At some point, Roddy developed this idea about the ten-year-plan. It all tied in with his notion of the centre of the universe in some way, though I can’t remember how. According to him, in ten-years-time some of us would be successful in what we were doing, some of us would be doing something else entirely, and some of us would be dead. Putting it like that now sounds like stating the obvious, but Roddy invested it with a weight that made it and him sound worldly wise.
He was probably talking about himself more than anyone else. He had a drive and the sort of self-confidence and singular self-belief that can sometimes come across as arrogance in those who are shy like him. He knew he was good, and he worked at being better. Everything he did and everyone he met fed into that.
So when the back room of the Antiquary on a still bohemian St Stephen Street became our world for a while in the just-pre-Rebel Inc early ‘90s, he was in the thick of it. Where others ranted, Roddy read classically composed stanzas. Inbetween, he’d be making connections, bonding especially with the lost genius that was Paul Reekie, lovers of language and arcane knowledge both.
Much later, five years after we’d lost Paul, Roddy posted a poem on Facebook called Brandade de Morue, written in memorium for him. For all its sadness, the poem conjured up with vivid largesse the boozy roar of those Edinburgh nights of old that both of them helped light up in very different ways. Brandade de Morue ended up in So Glad I’m Me, a book loaded with elegies of one kind or another.
When Roddy won an Eric Gregory Award for poetry some time in ‘91, it showed he wasn’t messing. It gave him validation in a way that you could see him skipping inside with wordless delight about. He’d raised his game, and it was up to everyone else to follow suit. He went to New York not long after, and stayed at the Chelsea Hotel. He brought us all back cool designer t-shirts. Mine had a picture of Twiggy’s face on the front, and on the back the words ‘It’s a mod mod world, luv.’
And when Roddy’s first book Yeah Yeah Yeah was published six years later, that was him on the way. Everybody tells me the launch was upstairs in the Waverley, but I always thought it was Bo’s. It probably was at some point later, but I was drunk. Everybody was drunk, on the infectious elation of the occasion as much as the booze.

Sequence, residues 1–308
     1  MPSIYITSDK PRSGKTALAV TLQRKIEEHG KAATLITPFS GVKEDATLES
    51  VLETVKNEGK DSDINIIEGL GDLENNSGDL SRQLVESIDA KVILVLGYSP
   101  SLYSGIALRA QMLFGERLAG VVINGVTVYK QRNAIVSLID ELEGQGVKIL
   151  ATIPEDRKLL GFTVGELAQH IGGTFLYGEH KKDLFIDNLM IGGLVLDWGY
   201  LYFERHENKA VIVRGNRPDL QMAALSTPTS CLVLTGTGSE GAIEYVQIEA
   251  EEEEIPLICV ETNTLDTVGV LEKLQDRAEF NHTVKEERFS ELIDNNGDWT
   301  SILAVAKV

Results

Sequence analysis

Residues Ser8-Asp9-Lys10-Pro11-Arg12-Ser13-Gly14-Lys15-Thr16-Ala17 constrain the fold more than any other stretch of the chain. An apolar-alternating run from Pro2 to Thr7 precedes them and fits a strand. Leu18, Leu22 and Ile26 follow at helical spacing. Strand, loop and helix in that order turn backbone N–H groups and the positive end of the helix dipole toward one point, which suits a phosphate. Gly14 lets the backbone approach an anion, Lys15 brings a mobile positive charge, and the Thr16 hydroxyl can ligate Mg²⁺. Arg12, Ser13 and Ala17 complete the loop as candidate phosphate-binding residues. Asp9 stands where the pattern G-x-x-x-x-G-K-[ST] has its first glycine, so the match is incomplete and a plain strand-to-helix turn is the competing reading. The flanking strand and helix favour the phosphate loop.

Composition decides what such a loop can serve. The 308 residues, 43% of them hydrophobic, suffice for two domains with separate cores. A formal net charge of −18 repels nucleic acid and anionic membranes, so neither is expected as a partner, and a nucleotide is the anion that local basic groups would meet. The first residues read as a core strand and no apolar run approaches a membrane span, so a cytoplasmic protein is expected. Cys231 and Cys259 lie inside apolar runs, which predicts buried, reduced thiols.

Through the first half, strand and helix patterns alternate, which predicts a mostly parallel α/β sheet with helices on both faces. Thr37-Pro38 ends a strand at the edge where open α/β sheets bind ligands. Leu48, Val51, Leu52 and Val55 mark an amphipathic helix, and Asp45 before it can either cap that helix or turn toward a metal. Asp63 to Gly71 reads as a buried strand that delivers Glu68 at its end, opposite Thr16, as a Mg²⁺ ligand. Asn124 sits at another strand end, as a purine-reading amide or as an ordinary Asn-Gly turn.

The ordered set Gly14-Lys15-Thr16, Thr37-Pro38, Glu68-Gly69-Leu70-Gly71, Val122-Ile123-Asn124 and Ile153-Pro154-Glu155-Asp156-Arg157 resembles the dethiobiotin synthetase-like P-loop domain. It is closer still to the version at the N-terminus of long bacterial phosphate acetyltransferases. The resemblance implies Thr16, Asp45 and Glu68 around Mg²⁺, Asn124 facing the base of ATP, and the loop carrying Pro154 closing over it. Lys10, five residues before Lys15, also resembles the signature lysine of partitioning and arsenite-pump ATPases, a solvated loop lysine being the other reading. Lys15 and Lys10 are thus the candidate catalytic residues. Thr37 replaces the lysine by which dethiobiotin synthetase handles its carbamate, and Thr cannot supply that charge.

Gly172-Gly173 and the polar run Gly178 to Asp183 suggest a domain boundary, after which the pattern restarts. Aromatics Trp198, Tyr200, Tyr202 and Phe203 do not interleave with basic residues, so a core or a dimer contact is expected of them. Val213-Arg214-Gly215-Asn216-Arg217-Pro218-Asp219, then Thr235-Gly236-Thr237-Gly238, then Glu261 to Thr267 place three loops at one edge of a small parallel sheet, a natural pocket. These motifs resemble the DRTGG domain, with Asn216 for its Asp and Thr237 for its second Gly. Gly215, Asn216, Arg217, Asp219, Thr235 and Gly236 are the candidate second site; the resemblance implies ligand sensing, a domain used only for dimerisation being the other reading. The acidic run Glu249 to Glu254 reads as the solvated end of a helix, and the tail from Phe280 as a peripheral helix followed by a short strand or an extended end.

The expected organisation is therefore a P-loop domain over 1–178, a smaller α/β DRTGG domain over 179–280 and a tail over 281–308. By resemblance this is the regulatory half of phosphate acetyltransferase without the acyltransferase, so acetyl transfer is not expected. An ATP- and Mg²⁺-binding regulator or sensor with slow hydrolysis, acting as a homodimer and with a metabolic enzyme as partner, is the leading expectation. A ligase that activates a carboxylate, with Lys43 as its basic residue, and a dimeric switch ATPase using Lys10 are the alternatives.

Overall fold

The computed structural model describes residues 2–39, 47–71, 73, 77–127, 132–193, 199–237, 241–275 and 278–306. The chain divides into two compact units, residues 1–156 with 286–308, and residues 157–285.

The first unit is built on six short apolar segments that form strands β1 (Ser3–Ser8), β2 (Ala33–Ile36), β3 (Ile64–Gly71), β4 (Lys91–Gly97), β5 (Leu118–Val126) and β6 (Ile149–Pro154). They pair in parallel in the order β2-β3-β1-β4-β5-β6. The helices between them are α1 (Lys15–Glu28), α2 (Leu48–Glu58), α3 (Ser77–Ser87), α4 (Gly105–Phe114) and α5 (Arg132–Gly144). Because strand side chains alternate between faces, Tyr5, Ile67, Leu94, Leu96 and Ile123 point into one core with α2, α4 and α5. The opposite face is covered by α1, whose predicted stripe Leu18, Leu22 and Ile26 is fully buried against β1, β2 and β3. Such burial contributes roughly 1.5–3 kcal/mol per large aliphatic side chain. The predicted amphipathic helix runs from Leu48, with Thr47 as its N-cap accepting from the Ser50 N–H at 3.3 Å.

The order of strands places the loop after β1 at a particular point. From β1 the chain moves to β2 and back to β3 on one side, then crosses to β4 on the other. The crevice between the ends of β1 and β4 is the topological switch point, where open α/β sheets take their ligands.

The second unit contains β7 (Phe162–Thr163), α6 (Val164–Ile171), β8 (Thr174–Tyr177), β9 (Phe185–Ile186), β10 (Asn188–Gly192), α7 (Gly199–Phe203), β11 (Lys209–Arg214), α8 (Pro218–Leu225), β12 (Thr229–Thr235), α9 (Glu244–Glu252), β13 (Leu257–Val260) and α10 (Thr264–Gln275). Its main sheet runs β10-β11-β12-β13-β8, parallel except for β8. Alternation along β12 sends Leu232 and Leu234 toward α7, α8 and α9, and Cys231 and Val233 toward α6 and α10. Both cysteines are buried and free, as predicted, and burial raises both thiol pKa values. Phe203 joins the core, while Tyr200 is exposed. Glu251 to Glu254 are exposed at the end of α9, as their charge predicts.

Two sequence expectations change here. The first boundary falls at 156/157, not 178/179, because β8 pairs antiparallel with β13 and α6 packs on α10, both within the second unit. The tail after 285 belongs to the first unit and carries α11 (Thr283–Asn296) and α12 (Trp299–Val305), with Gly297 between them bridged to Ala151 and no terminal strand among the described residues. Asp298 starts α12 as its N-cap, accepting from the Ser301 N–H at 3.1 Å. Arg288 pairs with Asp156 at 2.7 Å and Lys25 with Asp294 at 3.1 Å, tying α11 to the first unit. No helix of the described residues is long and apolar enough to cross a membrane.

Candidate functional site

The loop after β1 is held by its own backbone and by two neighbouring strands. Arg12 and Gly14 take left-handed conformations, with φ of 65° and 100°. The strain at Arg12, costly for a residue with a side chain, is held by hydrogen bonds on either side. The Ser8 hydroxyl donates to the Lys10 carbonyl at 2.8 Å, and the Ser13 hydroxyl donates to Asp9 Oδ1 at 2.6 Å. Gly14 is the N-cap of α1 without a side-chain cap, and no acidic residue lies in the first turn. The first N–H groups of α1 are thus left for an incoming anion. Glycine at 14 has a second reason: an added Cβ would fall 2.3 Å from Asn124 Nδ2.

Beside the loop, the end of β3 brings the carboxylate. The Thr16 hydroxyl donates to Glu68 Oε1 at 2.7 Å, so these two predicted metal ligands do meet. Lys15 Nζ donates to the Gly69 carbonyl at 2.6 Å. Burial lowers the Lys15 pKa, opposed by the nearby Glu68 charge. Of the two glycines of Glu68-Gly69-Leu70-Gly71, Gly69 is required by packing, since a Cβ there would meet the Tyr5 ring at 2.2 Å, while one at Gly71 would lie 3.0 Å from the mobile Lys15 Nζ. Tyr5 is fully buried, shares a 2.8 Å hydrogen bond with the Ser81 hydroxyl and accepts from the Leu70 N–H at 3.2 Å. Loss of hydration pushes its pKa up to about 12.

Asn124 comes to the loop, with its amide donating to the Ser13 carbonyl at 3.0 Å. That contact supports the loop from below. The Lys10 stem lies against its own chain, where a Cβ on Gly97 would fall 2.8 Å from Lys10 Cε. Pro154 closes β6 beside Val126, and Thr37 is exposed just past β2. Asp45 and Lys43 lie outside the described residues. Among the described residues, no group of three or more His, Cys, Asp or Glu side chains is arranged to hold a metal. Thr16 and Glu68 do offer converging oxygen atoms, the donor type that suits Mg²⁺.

Wherever it was, the one image that lingers is of Roddy kneeling on the floor, holding uncharacteristically flamboyant court to a huddle of us as he signed copy after copy of Yeah Yeah Yeah with elaborate personal messages full of coded phrases that only its new owner would fully get. Or not. I remember him beaming, grinning from ear to ear and lapping up the attention like a rock star.
Roddy went to London shortly after, and things changed, for him more than the rest of us. He’d visit Edinburgh now and then, usually for a reading, and we’d go to the old haunts in a way he relished, but it was never quite the same. He was in the thick of the London scene now, with all the intense new friendships, conspiracies and intrigues he thrived on.
I called him a few times whenever I was down, one time when Scarlet’s Well, led by Bid from the Monochrome Set, were playing, once when The Blue Aeroplanes were on, but he had a new life now, and that was okay.
At some point, Roddy went from new kid on the block to elder statesman with little in the way of segue between. And in the thick of all that, and as has become dazzlingly clear since he died, he nurtured a brand new generation of bright, beautiful and brilliant baby poets, and helped them find their voices. They clearly loved him for it, and love him still. And I bet between them they have a million stories to tell about all the other ages of Roddy they lived through.
But in Edinburgh, two decades after the so-called ten-year-plan was supposed to be mission accomplished, despite never having been spoken of again, here we are. After thirty years of triumph, failure and everything else inbetween, Roddy’s penchant for self-fulfilling prophecy has been proved right again. We’re all older, and those of us that are still around keep on keeping on, and even though Roddy hadn’t lived here for donkey’s, he’s still the social glue. We’re still toasting him with pints, despite our better judgement. He wouldn’t have had it any other way.
The last time I saw Roddy was when he was in hospital the first time, a bastardingly long bus ride across London. At first he seemed woozy from the meds, but that’s what hospitals do to you. Once the penny dropped, his mind was as sharp as it ever was. At one point he sent me down to the hospital shop to get him a copy of The Times and some snacks. He wanted to do the crossword. Same old Roddy.
And now, sitting here indoors on a storm-battered Edinburgh January night, looking for clues about those other ages of Roddy in each of his books I’m buried in, I half expect the phone to ring like it used to in the hall of George IV Bridge an hour before closing time. And as I’m listening to Struggle for Pleasure and Coffee and Hope and You Can’t Win Them All Mum, I’d happily be led astray and tag along to some brand new dive I’ve never been to before.
Roddy will already be on first name terms with the bar staff he’ll grow to have a major crush on by now, and his next new favourite band will play their first gig there, little knowing who they’re about to become mates with for life. They might have to sort out their record collection first, mind. It probably won’t be enough to see them through, but it helps. Roddy Lumsden is dead. Kippis to that.
Roderick Chalmers Lumsden, May 28th 1966-January 10th 2020
Bella Caledonia, January 2020